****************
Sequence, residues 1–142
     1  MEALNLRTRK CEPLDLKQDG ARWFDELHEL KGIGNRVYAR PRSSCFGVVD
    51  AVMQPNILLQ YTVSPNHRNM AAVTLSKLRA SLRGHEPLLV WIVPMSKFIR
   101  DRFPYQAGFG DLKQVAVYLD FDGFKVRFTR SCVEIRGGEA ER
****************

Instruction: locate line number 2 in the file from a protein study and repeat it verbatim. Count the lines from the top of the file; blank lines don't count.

     1  MEALNLRTRK CEPLDLKQDG ARWFDELHEL KGIGNRVYAR PRSSCFGVVD